It is not clear in my mind the exact sequence of events after that moment. I have tried to connect the dots, but something, or someone, interiorly, told me to look up Fatima. Maybe “Our Lady” was helping after I “asked” for help in my quest to find God.
I don’t know exactly, but I found my way to Fatima. Before I go further I strongly suggest to the reader to learn all you can about the events of Fatima, the famous Marian apparitions that took place in Portugal in 1917. At Fatima, you will discover that science and reason, for the first time in history, cannot explain what happened on the day of October 17, 1917. Fatima is the single greatest example of the reality of supernatural forces in history. Looking into Fatima, I learned about “The Miracle of the Sun”. I learned about the thousands and thousands of witnesses to the miracle of the sun “dancing”. The miracle of the sun was followed by prophesy, and secrets – prophecies that, unbelievably, all came to pass. The prophecies have been studied and verified, by the Vatican and eminent scholars. After my discovery of Fatima, suddenly a new world opened up to me. Fatima convinced me that the supernatural intervention of God occurs – sometimes right before our eyes. But that was just the start. To me Fatima was a Mary thing – a Catholic thing – a religion that had run out of gas a long time ago for me. The Virgin Mary was just a sad stone statue.
Continuing my exploration into the supernatural, mostly focused on Catholic claims, I stumbled onto something called Medjugorje and after that everything began click; it all came together for me. Fatima was the supernatural miracle I was looking for – the “proof” – and then after reading the simple, yet deeply spiritual words of the Virgin Mary at Medjugorje, “Peace, peace, and only peace”, the conversion of my heart and my reconciliation with our creator began. With Medjugorje the beauty, heart, and soul of the Catholic faith came alive and into me. At Medjugorje, I felt I had discovered the place where Jesus had returned earth to continue his ministry. The Blessed Mother at Fatima led me to Medjugore and it is at Medjugorje that the truth of Jesus Christ was revealed to me. I had found Jesus Christ through his mother Mary.
With Medjugorje the beauty, heart, and soul of the Catholic faith came alive and into me. At Medjugorje, I felt I had discovered the place where Jesus had returned to earth to continue his ministry. The Blessed Mother at Fatima led me to Medjugore and it is at Medjugorje that the truth of Jesus Christ was revealed to me. I had found Jesus Christ through his mother Mary.
Medjugorje has been a blessing to me and to millions of others around the world, but Medjugorje is much more than a happy place full of blessings. Whether you believe in God or not, Medjugorje, is a captivating phenomenon and has emerged as the greatest mystery of modern times.
From time to time people have asked me what makes the phenomenon of Medjugorje so special or different. Why not simply practice ones faith like we are taught. To me Mejdugorje changes the way one looks at faith and religion. Medjugorje has taught me that religion is more than a set of rules or a check list of “dos and don’ts”. Medjugorje taught me, what seems obvious, but it is not, to think about the miraculous – to think about the supernatural. Medjugorje taught me that miracles and Heaven were real and it taught me that it is very important to meditate on these facts. The essence of religion, by definition, is about the supernatural – a force not of this earth – but this rudimentary fact seems to have been abandoned by the faithful of all creeds in today’s modern world. This development forced Pope John Paul II to lament before his death that “Today we have lost the sense of the supernatural”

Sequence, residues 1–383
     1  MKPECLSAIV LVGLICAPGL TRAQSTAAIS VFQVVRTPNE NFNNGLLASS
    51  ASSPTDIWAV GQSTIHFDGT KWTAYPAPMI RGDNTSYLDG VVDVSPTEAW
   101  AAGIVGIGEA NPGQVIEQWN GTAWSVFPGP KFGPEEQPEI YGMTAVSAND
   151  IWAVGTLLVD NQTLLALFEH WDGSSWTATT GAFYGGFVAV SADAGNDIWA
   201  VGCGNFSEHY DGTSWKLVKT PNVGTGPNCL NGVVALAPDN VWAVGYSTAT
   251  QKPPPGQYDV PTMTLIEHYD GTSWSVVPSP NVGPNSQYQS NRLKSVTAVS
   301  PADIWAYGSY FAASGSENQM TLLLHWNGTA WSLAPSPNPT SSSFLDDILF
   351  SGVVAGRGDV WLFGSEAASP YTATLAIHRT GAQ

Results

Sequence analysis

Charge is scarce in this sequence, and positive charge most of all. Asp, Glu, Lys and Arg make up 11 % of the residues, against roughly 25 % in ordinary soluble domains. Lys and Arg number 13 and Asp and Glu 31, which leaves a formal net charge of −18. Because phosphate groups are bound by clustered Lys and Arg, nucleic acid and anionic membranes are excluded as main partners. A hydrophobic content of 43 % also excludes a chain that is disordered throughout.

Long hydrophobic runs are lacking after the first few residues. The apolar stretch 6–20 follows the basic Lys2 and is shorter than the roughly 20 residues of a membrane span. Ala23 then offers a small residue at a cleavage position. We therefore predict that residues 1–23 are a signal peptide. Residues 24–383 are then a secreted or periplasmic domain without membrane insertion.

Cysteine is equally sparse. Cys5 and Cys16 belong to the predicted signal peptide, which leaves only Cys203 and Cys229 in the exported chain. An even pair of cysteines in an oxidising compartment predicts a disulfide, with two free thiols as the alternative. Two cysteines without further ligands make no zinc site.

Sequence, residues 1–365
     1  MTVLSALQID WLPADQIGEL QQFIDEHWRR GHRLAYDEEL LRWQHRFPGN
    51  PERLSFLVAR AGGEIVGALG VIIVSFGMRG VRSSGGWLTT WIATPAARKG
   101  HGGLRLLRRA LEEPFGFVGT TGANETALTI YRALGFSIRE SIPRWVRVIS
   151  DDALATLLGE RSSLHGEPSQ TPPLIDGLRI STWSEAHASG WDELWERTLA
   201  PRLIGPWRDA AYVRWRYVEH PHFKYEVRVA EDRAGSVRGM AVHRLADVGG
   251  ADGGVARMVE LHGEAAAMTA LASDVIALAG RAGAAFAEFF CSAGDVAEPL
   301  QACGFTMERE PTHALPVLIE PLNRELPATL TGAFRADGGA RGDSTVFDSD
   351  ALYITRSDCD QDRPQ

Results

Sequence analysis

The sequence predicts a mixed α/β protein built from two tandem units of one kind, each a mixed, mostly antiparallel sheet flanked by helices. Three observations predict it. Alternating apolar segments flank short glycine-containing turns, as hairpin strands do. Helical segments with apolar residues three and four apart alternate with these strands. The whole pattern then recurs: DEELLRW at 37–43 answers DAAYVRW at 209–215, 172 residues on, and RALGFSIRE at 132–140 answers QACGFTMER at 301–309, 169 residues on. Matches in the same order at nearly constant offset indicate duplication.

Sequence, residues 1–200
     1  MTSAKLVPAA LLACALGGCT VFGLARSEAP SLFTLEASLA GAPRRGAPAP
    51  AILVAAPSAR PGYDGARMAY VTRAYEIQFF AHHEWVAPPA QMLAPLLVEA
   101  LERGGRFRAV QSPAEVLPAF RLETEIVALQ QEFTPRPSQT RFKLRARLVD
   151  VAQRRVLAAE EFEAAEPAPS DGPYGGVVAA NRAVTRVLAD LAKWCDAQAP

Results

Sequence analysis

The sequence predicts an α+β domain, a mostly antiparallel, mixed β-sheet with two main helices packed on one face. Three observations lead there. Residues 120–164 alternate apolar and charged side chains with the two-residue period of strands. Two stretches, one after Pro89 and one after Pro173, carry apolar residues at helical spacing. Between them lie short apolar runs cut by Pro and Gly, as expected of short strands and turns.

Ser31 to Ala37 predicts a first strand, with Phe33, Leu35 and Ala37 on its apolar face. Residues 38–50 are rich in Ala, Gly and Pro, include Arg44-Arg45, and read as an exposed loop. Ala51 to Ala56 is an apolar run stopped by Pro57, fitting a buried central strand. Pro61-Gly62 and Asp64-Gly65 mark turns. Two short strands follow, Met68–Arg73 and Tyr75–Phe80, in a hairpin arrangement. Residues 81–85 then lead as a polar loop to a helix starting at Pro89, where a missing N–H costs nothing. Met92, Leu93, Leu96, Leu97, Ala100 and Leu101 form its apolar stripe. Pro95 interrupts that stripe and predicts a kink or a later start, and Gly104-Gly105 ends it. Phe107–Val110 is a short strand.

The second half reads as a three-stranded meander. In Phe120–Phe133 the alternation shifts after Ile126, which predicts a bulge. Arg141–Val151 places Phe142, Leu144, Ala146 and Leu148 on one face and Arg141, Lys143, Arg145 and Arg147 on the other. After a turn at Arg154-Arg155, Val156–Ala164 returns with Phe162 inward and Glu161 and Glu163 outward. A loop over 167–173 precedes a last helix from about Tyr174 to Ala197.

Medjugorje taught me that miracles and Heaven were real and it taught me that it is very important to meditate on these facts. The essence of religion, by definition, is about the supernatural – a force not of this earth – but this rudimentary fact seems to have been abandoned by the faithful of all creeds in today’s modern world. This development forced Pope John Paul II to lament before his death that “Today we have lost the sense of the supernatural”
Understanding that the supernatural exists deepens our faith in a beautiful and mysterious way and without it we are left with nothing but a set of bureaucratic rules and regulations. Sure we can pray to Jesus and many people do experience the genuine graces of the Christian faith, but for many, church seems to be nothing more than a place where we hand out coins to toll booth collectors hoping to avoid accidents on our way to our certain death.
Medjugorje pulled me out of a dark spiritual ditch and put me on path towards something bigger and outside of myself. Medjugorje put me on a path towards eternity and the promise of Heaven. Happily the path’s foundation is firmly constructed out of reason. Medjugorje attaches reason and our free will to the wonderful world of miracles, mysteries, and the Catholic faith. With Medjugorje, the tangible essence of the supernatural is revealed. With Medjugorje one is left with only two possible conclusions – either God exists, or scientists, atheists and the secular world have a lot more explaining to do. Medjugorje puts the burden back on those who believe science and logic have all the answers.
But for me, I was left with only one possible conclusion and that is – God exists.